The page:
Higher Prices Possible despite Bloated Distillate Inventories?
- Distillate fuel oil stocks near 38-year high
- The market environment differs from 1982
- Crude oil output falls
- Natural gas storage 11% higher than 5-year average
Inventories of distillate fuel oils are only now starting to retreat from the highest level recorded since December 1982. Distillate fuel oil stocks reached 186 million barrels 38 years ago, reflecting falling demand and rising production on world markets.
Stocks of distillate fuel oil in the United States were put at 178 million barrels on Aug. 7, 2020, slightly below the previous week’s estimate of 180 million barrels.
The situation today has much in common with what was happening in 1982, but there are differences that could lead to a more bullish price for distillate fuels. These include improving demand for petroleum products in the U.S.
The chart of product supplied (a surrogate for demand) shows that distillate demand, lags last year-to-date by 10%.
Within that statistic, however, distillate fuel oil demand has been recovering from this year’s low of 3.0 million barrels daily, recorded during the week ending May 1, 2020. This is an 18% improvement, at a time when distillate prices are typically in a pre-winter rally.
U.S. crude oil production has fallen during this Covid-influenced period. Output fell to 10.7 million barrels daily during the week ending August 7.
The Energy Information Administration has reflected lower production in its most recent projections. EIA now expects U.S. crude oil production to average 11.26 million barrels per day for 2020. This is a decline of nearly one million barrels daily from last year. EIA’s last estimate for production showed a decline of 600 thousand barrels per day.
An additional potentially bullish price factor is the return of inflation. One non-governmental forecaster expects inflation in the United States to be 2.5% in the next 12 months.
Prices for ULSD today are well above recent lows. Many potential buyers have looked on those prices and are stuck with the idea that they “missed” the move. For reference, Powerhouse offers the thought that the distillate fuel oil price over the past ten years has averaged around $2.22 cents. Markets are well below that number.
Supply/demand data in the United States for the week ending Aug. 7, 2020, were released by the Energy Information Administration.
Total commercial stocks of petroleum fell by 6.2 million barrels during the week ending August 2020.
Commercial crude oil supplies in the United States decreased by 4.5 million barrels from the previous report week to 514.1 million barrels.
Crude oil inventory changes by PAD District:
PADD 1: Down 1.0 million barrels from previous report week to 11.0 million barrels
PADD 2: Plus 2.2 million barrels to 142.4 million barrels
PADD 3: Down 6.7 million barrels to 281.4 million barrels
PADD 4: Plus 0.4 million barrels to 25.4 million barrels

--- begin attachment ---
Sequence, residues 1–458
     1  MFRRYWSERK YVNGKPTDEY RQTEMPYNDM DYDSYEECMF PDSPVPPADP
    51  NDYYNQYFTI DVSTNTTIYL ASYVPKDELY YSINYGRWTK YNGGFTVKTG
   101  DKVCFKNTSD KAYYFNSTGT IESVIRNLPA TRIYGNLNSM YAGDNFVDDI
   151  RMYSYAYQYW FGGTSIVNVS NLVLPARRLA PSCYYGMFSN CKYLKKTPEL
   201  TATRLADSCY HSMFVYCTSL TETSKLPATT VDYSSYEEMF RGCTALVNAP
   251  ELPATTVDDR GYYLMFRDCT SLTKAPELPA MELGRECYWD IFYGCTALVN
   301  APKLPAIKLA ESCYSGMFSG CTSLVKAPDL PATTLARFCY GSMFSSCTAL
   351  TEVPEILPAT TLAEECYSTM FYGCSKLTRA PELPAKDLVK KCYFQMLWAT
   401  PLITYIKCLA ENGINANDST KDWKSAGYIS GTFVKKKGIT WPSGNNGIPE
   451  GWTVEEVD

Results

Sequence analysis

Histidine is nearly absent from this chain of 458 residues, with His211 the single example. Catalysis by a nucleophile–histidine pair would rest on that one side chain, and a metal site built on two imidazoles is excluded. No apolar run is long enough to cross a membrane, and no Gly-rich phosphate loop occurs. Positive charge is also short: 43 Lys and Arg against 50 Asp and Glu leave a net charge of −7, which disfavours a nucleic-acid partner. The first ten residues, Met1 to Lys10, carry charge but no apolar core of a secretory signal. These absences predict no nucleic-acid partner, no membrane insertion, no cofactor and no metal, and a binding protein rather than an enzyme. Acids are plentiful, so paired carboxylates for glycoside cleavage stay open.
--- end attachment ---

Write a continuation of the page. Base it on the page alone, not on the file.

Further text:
PADD 5: Plus 0.6 million barrels to 53.9 million barrels
Cushing, Oklahoma inventories were up 1.3 million barrels from the previous report week to 53.3 million barrels.
Domestic crude oil production was fell 300,000 barrels per day from the previous report week to 10.7 million barrels daily.
Crude oil imports averaged 5.621 million barrels per day, a daily decrease of 389,000 barrels. Exports increased 324,000 barrels daily to 3.143 million barrels per day.
Refineries used 81.0% of capacity, up 1.4% from the previous report week.
Crude oil inputs to refineries increased 21,000 barrels daily; there were 14.658 million barrels per day of crude oil run to facilities. Gross inputs, which include blending stocks, rose 4,000 barrels daily to reach 15.104 million barrels daily.
Total petroleum product inventories fell 1.7 million barrels from the previous report week.
Gasoline stocks decreased 0.7 million barrels daily from the previous report week; total stocks are 247.1 million barrels.
Demand for gasoline rose 266,000 barrels per day to 8.883 million barrels per day.
Total product demand increased 1.457 million barrels daily to 19.369 million barrels per day.
Distillate fuel oil stocks decreased 2.3 million barrels from the previous report week; distillate stocks are at 177.7 million barrels. EIA reported national distillate demand at 3.862 million barrels per day during the report week, an increase of 162,000 barrels daily.
Propane stocks increased 2.6 million barrels from the previous report week; propane stocks are 89.3 million barrels. The report estimated current demand at 1.119 million barrels per day, an increase of 333,000 barrels daily from the previous report week.
Production of dry natural gas rose during the week ending August 12. Over a longer time frame, EIA expects production to “remain lower than the 98.3 billion cubic feet per day (Bcf/d) production level reached in the first quarter of 2020. Final quarter 2021 production is forecast at 89.3 Bcf/d. This could support price. The next major resistance is at $2.90, the high seen last November.
According to the EIA:
The net injections [of natural gas] into storage totaled 58 Bcf for the week ending August 7, compared with the five-year (2015–19) average net injections of 44 Bcf and last year’s net injections of 51 Bcf during the same week. Working natural gas stocks totaled 3,332 Bcf, which is 443 Bcf more than the five-year average and 608 Bcf more than last year at this time.
The average rate of injections into storage is 11% higher than the five-year average so far in the refill season (April through October). Working gas stocks exceeded the 5-year max. If the rate of injections into storage matched the five-year average of 9.8 Bcf/d for the remainder of the refill season, the total inventory would be 4,166 Bcf on October 31, which is 443 Bcf higher than the five-year average of 3,723 Bcf for that time of year.
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